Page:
Glass alumnus reunites with RIT mentor at Henry Ford Museum

Two members of the Henry Ford Museum, including Andy Koupal, left, work with Robin Cass during her recent residency at the museum.

Andy Koupal remembers being blown away when he first interacted with the Rochester Institute of Technology glass program’s facilities. 

“You had flameworking and a massive cold shop, a hot shop and ample space for people’s studios,” said Koupal ’09 (glass). “It was a vibrant hub that I was drawn to.”

Inside all of those spaces, Koupal learned from, among others, Robin Cass, professor in the glass program and now interim dean of RIT’s College of Art and Design. Ten-plus years after Koupal was mentored by Cass at RIT, the two reunited in a glass hot shop — just in a different capacity than before.

Cass showcased her artistry as a guest of the Henry Ford Museum’s artist-in-residency program from June 4-8, working beside Koupal and the rest of the museum’s highly-skilled glass studio team. Cass and the Henry Ford artists explored various techniques, including large-scale glassblowing, flameworkingand sandcasting molten glass, to create components to be integrated into her future work. 

“The Henry Ford Museum is such a fascinating temple to the history of industry and manufacturing — and Detroit’s industrial glory days, rough periods and current renewal make for an inspiring story of resilience,” Cass said. “I brought particular artifacts (like old hubcaps, hood ornaments and obsolete light-bulb molds) to this residency and used them to shape the molten glass. These new sculptural elements will help me evoke the unique heritage of this place, and related themes like perseverance and revival, in my finished work.”

Robin Cass works in the Henry Ford Museum's hot shop
Robin Cass showcased her artistry at the Henry Ford Museum from June 4-8.

As the glass shop supervisor at the Henry Ford Museum in Dearborn, Mich., Koupal found it rewarding to work professionally with someone he considers a “big inspiration and a mentor” as he parlayed Cass’s teachings into a career in glass.

“It’s what you hope for as a student,” said Koupal, from Detroit, Mich. “To be 10 years out of school, reconnecting with Robin, was just a great experience. It was great to bounce ideas off of her. It was awesome to get in the hot shop and work with her again and collaborate in that creative fashion.”

In his role at the Henry Ford Museum, Koupal practices his art and blows glass during daylong, public demonstrations while overseeing the hot glass studio. 

Along with the Henry Ford Museum’s Liberty Craftworks manager and curatorial team, Koupal is also heavily involved in facilitating the museum’s artist-in-residency program, which invites renowned glass artists to take up temporary residence and utilize all of the available resources in the hot shop. It’s enabled Koupal to grow as an artist.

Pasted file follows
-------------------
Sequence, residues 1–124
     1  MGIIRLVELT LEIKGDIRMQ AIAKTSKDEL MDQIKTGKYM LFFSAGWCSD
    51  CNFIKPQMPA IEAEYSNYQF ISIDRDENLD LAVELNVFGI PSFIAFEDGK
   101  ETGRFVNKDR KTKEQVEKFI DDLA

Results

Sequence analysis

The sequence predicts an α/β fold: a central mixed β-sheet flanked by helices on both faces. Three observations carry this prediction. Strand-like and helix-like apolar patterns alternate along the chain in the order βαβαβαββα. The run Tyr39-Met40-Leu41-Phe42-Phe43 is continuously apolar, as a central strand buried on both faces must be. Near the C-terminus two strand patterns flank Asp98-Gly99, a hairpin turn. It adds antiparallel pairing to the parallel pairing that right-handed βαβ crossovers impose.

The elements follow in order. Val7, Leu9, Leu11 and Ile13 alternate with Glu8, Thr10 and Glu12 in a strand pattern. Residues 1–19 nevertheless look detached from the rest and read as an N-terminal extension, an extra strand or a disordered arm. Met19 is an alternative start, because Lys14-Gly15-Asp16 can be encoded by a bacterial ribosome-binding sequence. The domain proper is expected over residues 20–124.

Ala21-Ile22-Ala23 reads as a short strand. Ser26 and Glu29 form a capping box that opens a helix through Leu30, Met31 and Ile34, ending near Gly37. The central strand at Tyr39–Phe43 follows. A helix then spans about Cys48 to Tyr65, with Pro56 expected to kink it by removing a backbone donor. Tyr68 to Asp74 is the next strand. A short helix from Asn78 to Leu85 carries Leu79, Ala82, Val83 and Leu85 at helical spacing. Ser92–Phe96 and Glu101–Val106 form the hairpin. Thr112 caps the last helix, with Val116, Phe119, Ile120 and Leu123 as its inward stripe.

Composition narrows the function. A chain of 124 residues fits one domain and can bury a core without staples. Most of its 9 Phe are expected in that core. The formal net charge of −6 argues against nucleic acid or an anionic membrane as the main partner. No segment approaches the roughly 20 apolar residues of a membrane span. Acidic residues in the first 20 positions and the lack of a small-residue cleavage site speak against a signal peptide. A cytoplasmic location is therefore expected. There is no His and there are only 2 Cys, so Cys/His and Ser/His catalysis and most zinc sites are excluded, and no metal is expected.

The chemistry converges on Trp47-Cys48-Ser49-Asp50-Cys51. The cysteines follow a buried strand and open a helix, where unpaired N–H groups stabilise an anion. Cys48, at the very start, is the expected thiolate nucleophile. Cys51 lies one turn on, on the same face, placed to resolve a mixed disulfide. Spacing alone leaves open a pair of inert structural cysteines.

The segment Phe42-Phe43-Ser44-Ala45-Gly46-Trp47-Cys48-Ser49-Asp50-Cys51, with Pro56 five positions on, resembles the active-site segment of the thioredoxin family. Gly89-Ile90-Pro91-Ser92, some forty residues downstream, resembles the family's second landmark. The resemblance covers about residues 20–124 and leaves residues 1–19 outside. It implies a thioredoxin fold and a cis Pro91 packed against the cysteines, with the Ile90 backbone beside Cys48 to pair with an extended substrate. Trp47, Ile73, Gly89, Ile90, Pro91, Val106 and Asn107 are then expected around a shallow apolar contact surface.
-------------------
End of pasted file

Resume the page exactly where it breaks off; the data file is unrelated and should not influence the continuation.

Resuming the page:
“Glassblowing is such an intimate type of setting where you’re working with them but you’re also talking with them,” said Koupal, who’s been at the Henry Ford Museum full-time since 2012. “Interacting with the artists, you’re learning from them. Not only ideas and techniques, but about their experiences in the field. To do that with our team is a never-ending, rewarding experience.”

Coming out of RIT, Koupal worked at privately owned glass shops in New York and Michigan before going to Windsor, Vt.-based production factory Simon Pearce for two years. Today, in addition to his work at the Henry Ford, Koupal is an adjunct glass faculty at the College for Creative Studies in Detroit. 

“I am so very proud of everything Andy has accomplished since graduating from RIT,” Cass said. “This is the kind of experience you treasure as an educator — a chance to see a past student thriving out in the world as a successful professional. This is why we teach.”

Andy Koupal works in the Henry Ford Museum's hot shop
Andy Koupal is a lead facilitator of the Henry Ford Museum's artist-in-residency program.

Koupal credits RIT’s glass program with preparing him for a career as an artist, studio supervisor and instructor.

“At RIT I was always being questioned and challenged to think outside of your first thought or what you’re comfortable with,” Koupal said. “I embraced that as much as I could while I was there. The kind of forward-thinking that I was exposed to and just the example people were setting definitely gave me a leg up. I still try to incorporate some of those values into my practice today.”

Koupal was immersed in a similar atmosphere at RIT. Between fellow students (undergraduate and graduate) and faculty, a tight-knit community of artists enriched Koupal’s time in the glass program. Koupal said it was beneficial to collaborate with classmates who went on to success in the glass field — such as Rebecca ArdayCassandra Straubing and David Schnuckel, now an assistant professor of glass at RIT.

“The community as a whole was wonderful,” Koupal said. “A lot of talented people and ideas being shifted around and talked about. It couldn’t have been a better experience.”

And that experience keeps on giving today.

“It’s been essential for the development of my career as an artist,” Koupal said. “I still talk frequently with classmates I had about anything — ideas I’m having in glass, professionally with developing relationships or working to expand in my field. It’s been amazing.”

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